We Get Letters

We receive a fair amount of correspondence, often from people who think we do surveying. I explain that we are a magazine not an actual surveying company and steer them to their state society to find a surveyor. We recently received this letter, which serves to illustrate what I’ve been saying about threats:

I am writing to you in light of a property boundary dispute with my neighbor. I live in X, where the requirement of a property boundary survey is not mandated by the city to construct a fence; the only legal prerequisite is a building permit.

Recently, my neighbor expressed his intent to build a new fence. However, I am of the belief that there may be a misunderstanding on his part about the exact location of our property boundary. I have collected data through public record requests and utilized my knowledge of AI and GIS mapping to better understand the property lines. From my research, it appears that when the existing fence was constructed in the 1970s, a property survey was not conducted.

Based on my collected data, it appears that I own approximately 2.875 feet more land than previously thought. To confirm this, I am interested in having a property boundary survey conducted as soon as possible. This survey is crucial as it may predicate a civil suit against my neighbor, contingent on the outcome.

Additionally, I am fascinated by advancements in surveying technology, specifically lidar and drone imaging. I have a background in working with aerial photography, and I am keen to see how these modern methods could bring more accuracy and precision to our situation. I would appreciate it if you could explain more about how you may employ these technologies in the proposed survey.

Please feel free to reach me at your earliest convenience to discuss the next steps, possible costs, and any necessary information you might need from me.

I shared the letter with Carl De Baca, and he immediately replied:

2.875 feet, huh? Wow.

“My neighbor has a misunderstanding of the exact location of our boundary.”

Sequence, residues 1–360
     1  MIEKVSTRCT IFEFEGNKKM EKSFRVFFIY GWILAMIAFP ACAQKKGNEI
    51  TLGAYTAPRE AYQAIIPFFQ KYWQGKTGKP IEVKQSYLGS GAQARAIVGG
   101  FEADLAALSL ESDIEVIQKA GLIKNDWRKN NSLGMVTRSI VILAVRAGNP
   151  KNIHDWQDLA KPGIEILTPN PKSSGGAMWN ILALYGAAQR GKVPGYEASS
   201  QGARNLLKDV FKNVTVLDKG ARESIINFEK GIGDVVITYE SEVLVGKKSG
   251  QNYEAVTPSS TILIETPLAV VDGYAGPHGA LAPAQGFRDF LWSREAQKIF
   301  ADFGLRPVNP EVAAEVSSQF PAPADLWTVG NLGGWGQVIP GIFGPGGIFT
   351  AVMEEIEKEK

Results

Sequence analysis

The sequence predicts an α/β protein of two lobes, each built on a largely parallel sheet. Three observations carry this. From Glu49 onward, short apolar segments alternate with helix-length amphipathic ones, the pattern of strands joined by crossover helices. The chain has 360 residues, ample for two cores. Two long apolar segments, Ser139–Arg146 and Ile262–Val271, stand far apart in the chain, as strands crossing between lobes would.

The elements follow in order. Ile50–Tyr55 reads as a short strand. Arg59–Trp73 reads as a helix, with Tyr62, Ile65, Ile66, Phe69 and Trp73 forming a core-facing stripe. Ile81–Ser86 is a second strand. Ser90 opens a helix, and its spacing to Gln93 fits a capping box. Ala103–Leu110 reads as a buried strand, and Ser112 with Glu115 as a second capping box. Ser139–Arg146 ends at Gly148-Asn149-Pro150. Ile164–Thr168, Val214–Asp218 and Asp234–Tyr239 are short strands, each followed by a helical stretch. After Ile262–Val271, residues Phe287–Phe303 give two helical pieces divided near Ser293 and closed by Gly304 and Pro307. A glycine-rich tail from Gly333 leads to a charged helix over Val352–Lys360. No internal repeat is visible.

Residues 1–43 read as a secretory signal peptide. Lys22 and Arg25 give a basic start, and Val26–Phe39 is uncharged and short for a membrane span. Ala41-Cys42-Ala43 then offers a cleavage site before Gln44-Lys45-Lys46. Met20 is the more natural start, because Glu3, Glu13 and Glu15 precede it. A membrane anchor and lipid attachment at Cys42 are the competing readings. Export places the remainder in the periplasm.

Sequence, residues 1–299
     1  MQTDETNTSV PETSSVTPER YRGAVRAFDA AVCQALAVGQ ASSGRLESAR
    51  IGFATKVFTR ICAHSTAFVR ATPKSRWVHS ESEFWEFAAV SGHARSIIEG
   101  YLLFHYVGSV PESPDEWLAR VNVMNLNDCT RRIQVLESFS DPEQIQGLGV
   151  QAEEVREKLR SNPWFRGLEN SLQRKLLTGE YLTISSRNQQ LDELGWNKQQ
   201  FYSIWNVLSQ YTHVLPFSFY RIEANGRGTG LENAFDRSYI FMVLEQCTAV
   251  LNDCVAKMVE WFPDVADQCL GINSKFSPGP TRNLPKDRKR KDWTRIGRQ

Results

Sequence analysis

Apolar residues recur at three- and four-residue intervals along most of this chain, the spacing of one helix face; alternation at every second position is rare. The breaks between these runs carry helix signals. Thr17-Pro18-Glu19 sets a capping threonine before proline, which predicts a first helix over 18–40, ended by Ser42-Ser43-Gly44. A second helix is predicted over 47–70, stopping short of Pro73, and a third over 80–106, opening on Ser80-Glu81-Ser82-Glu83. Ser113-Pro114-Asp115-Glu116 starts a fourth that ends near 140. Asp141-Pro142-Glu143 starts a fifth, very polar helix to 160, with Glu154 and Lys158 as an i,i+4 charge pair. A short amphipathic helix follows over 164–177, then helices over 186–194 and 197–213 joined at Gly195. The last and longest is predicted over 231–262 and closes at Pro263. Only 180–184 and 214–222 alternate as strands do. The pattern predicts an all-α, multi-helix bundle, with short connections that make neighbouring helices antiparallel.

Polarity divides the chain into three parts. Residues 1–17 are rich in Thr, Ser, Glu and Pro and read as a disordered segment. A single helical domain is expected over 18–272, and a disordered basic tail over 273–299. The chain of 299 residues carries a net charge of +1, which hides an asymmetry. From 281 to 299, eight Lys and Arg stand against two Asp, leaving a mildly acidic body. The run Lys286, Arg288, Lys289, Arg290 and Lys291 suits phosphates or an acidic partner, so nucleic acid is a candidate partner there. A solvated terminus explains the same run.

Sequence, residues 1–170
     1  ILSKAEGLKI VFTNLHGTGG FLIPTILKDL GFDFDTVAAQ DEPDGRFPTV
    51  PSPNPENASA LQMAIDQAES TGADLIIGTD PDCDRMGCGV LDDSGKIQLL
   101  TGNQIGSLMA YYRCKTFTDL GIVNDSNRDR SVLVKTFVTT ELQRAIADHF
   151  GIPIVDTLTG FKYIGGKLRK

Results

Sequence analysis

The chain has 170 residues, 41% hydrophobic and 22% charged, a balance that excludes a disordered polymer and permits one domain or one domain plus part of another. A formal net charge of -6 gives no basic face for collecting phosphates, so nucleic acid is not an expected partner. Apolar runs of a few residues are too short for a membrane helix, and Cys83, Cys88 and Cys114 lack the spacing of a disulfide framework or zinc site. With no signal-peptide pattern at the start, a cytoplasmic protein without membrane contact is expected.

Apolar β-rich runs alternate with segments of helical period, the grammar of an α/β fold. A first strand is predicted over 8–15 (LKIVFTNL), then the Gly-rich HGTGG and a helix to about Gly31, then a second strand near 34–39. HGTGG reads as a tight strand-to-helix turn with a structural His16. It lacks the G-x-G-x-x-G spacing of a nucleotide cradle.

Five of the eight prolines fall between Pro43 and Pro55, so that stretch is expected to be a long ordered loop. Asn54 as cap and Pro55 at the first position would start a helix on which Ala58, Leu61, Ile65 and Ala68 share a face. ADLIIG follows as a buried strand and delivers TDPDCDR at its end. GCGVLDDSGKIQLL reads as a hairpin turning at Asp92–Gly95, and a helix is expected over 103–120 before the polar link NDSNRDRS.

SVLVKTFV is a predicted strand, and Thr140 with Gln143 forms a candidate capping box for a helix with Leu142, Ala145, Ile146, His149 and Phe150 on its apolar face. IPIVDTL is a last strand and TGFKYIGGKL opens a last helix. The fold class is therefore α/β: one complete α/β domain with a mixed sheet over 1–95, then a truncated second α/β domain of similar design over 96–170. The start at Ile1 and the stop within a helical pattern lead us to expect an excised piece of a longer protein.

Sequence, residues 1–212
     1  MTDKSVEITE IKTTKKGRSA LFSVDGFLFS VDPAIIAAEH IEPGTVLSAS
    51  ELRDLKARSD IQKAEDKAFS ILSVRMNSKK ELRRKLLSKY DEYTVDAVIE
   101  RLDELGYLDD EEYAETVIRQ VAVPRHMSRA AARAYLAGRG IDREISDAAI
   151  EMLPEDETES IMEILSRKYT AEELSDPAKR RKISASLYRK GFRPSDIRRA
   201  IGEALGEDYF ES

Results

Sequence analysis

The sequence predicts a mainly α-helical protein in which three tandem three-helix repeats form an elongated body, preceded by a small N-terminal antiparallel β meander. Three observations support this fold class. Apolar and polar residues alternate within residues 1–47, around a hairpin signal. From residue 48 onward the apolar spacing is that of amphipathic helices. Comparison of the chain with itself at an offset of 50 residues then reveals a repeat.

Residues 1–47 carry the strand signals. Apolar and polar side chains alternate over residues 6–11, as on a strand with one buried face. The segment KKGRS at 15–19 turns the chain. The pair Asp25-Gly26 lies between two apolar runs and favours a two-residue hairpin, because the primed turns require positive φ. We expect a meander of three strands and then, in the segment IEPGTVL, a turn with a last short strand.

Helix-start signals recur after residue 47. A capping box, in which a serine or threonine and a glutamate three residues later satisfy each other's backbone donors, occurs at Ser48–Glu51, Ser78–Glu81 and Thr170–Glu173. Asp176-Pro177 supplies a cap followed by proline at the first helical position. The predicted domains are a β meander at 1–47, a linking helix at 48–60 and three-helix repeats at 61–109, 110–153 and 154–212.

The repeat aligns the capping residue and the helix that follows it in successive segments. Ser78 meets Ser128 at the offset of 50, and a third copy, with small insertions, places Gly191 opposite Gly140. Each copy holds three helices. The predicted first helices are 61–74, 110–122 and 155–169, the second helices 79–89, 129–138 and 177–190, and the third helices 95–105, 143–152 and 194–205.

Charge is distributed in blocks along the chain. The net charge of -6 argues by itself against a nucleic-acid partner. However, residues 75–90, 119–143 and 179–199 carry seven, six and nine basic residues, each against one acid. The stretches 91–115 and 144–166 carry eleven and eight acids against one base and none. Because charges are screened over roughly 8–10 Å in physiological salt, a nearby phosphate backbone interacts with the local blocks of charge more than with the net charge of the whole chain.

It’s like an early locust sighting. Uh, oh—here they come…

One would wonder how he got his distance to the nearest thousandth of a foot. The website techdator.net/land-surveying-apps/ provides more do it yourself goodness.

New Issue

We have more great content in the new issue, including two Guinness World Records, a look at monument preservation after natural disasters, court cases regarding threats to licensing, the long-awaited revision to the Elevation Certificate, celebrations of our profession, and much more. Of particular note is an article by Dick Elgin about his project to gather survey pricing information. This is not an attempt to fix prices, but rather to detect pricing trends. The anonymous questionnaire can be completed online. To give us enough data, we hope you will participate.


Apologies to Dave Doyle for leaving his name off the Gannett letter to the editor in the last issue. Mea culpa. Many of you know Dave from the seminar circuit as he spent many years as a geodesist for NGS. I credit Dave with originating the term Ronco GPS, as something you could rent from Home Depot to do your own surveying. Nah, no threat there.

About the Author

Marc Cheves, PS

Marc Cheves is editor emeritus of the magazine. He has been a surveyor since 1963 and is licensed in five states. Since 1995 he has been a surveying magazine editor.